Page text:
- Highlander the Series has some novels and an anthology that are considered canon. The concept behind the show of immortals Walking the Earth lends itself well to these tie-ins.
- Alien Nation is an unusual case of tie-in novels continuing the series after its cancellation. In particular, the tie-in novel series included two novelizations of scripts that were meant to be future episodes of the series (Dark Horizon and Body and Soul), which were later made into Made-for-TV Movies.
- Stargate SG-1 had a novelization of the pilot episode and four original tie-in novels by Ashley McConnell early on. They're mostly known for their poor editing and continuity errors, such as referring to characters by their actors' names. The current series of tie-in novels is published by Fandemonium, who originally sought out Stargate fanfic writers. The company went on to publish Stargate Atlantis and Stargate Universe novelizations and tie-ins as well.
- There was also a series of five novels by Bill McCay based on the original Stargate movie, which take place in an entirely different continuity than the series.
- Forever Knight had three official tie-in novels written by fanfic writers.
- Clueless had several YA tie-ins, based on both the movie and the TV series.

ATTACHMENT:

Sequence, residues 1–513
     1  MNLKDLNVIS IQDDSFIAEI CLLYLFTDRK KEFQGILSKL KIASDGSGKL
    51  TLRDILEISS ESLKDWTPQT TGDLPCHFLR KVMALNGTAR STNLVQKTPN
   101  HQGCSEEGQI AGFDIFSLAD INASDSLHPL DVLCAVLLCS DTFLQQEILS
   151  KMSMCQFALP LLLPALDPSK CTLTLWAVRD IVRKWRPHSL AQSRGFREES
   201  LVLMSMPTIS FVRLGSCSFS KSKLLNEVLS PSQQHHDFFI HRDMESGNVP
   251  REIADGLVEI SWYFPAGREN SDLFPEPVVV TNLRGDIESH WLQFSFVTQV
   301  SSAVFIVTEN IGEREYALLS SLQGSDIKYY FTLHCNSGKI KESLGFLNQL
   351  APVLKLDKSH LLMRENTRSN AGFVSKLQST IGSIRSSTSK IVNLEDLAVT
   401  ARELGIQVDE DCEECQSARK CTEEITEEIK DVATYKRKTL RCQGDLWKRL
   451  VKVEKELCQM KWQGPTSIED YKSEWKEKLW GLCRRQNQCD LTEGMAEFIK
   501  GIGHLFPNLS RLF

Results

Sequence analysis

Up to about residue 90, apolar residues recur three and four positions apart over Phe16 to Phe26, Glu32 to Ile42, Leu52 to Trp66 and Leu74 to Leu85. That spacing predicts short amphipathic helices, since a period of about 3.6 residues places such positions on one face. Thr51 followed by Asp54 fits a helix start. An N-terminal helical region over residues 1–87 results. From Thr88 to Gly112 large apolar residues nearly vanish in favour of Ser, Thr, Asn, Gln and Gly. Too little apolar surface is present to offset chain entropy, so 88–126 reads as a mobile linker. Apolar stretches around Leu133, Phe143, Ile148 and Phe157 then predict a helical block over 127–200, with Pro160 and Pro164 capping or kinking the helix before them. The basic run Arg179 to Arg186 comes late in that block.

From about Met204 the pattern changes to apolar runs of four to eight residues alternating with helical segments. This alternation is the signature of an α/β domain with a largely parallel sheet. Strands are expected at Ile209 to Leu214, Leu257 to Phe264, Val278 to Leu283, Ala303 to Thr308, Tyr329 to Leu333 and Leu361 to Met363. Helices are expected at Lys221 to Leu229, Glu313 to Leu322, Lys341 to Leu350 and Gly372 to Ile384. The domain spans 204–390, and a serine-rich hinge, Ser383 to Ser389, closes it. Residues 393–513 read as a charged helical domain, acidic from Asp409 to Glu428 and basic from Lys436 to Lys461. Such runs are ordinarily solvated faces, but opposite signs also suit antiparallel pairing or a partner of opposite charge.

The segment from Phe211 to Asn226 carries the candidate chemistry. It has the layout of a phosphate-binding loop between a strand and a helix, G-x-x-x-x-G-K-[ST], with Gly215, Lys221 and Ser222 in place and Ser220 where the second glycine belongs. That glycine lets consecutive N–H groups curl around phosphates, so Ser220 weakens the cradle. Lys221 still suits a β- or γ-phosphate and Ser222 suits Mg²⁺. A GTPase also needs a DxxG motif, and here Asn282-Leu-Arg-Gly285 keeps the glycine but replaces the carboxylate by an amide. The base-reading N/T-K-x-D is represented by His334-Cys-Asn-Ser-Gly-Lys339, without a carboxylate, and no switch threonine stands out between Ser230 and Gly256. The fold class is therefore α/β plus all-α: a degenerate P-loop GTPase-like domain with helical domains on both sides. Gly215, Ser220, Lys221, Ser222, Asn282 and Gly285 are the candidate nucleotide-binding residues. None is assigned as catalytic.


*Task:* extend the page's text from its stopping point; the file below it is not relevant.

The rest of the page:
- The Castle tie-ins, rather than being books about the series, are the books that Castle is ostensibly writing in the series.
- All three CSI series have a number of tie-in novels.
- Merlin has a number of episode novelizations.
- Would you believe, Professional Wrestling, specifically WWE, has had a couple of these? One, Journey into Darkness, details the Start of Darkness of everybody's favorite giant, psychotic pyromaniac, Kane, while another, Big Apple Takedown, has the government forming a covert-ops team of WWE wrestlers.
- Transformers: Obviously a massive amount of children's books, but recently, a number of novels for older readers have been produced as well. The Official Transformers Fanclub also semi-regularly releases official short prose stories to its members which take place in its own continuities. The answer to "What's Canon with regards to Transformers?" is "Yes". Let's not get into it.
- Bionicle had multiple series of junior novels, some of which told new stories not based on the comics or movies. However, these were not treated as tie-ins but as full canon, dealing with the main story arcs and doing it more in-depth than the other mediums usually could. Additionally, all but the first few were written by one of the franchise's main story editors, who also wrote the comics and web serials.
- A video game example: the Backyard Books, based on the Backyard Sports series. They are more this than novelizations because the games have no plot (except for Skateboarding, but there is no book based on that game).